Well-paid divorcees could lose out from retirement tinkering in Emergency Budget

26th June 2015


The Emergency Budget could hit the retirement plans of well-paid divorcees, according to financial planner Michael Brooke of Clarion Wealth Planning.


The Conservative manifesto pledge to taper the annual pension allowance for those earning more than £150,000 from £40,000 a year to £10,000 could ‘play havoc’ with retirement plans.


Under the proposal the annual allowance will fall by £1 for every £2 earned above £150,000. This means anyone earning £210,000 or above would only be able to receive tax relief on £10,000 of pension contributions each year.


Brooke said this could be a problem for divorcees with existing pension sharing orders who, ‘on the assumption they would be able to rebuild their pots quite rapidly by making large contributions, opted to share a larger than normal proportion of their pension fund with their former spouse in order to retain a greater share of other matrimonial assets’.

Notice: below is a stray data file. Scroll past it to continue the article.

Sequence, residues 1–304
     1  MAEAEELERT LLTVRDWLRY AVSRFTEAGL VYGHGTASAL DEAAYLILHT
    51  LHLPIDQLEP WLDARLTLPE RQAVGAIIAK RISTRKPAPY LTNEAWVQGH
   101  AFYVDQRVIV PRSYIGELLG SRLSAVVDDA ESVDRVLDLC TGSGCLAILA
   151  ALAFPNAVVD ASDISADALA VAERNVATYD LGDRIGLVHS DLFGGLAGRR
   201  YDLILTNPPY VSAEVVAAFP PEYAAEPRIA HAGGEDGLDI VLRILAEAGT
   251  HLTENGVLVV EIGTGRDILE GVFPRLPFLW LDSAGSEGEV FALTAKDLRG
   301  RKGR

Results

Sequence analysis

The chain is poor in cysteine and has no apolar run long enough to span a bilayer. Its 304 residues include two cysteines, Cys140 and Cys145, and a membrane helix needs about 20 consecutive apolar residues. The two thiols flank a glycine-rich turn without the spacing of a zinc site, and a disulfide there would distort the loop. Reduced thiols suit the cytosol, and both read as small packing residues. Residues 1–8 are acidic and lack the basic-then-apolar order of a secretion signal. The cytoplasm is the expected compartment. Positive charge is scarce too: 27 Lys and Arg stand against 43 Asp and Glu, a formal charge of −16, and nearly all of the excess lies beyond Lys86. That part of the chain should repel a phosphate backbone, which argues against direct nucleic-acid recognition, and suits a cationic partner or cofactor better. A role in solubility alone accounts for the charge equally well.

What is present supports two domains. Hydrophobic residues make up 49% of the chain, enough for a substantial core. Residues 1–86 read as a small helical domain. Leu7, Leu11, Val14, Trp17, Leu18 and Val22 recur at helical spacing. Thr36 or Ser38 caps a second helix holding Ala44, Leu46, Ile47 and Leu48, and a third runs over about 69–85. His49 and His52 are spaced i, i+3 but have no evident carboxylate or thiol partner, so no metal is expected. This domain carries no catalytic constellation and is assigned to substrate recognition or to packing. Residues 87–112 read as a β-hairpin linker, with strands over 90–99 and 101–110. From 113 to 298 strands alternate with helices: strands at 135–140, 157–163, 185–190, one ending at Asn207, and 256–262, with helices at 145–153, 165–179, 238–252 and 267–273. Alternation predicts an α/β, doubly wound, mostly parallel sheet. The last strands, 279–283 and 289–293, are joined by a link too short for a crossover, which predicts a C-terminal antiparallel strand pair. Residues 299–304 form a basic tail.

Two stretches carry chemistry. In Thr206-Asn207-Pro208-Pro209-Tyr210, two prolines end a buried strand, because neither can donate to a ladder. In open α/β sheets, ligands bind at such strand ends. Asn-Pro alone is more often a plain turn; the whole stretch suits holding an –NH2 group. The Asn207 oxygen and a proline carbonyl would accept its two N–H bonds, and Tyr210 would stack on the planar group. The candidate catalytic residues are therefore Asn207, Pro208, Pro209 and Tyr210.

If the proposals comes to fruition these high earners will no longer be able to rebuild their pension pots as over a 10 year period, a person earning £210,000 a year will only be able to save £100,000 rather than £400,000.


Brooke said those whose divorces took place between 2007 and 2011 could be worst hit as in 2007 the annual allowance was set at £225,000, rising to £255,000 by 2010 before being cut to £50,000 in 2011 and reduced again to £40,000 from April 2014.


‘The effect could be compounded if, as announced in the pre-election Budget, the lifetime allowance for fund size also reduced from £1.25 million to £1 million from April 2016,’ he said.


‘Future divorce settlements will be able to take account of any reductions in allowance but those with existing settlements may need a radical rethink of their retirement planning strategies.’


He added that business owners who have put off making significant pension contributions until later in their working lives could also find themselves in a similar position.


‘If this policy does form part of the Budget, I would recommend anyone affected to seek financial advice at the earliest opportunity,’ said Brooke.



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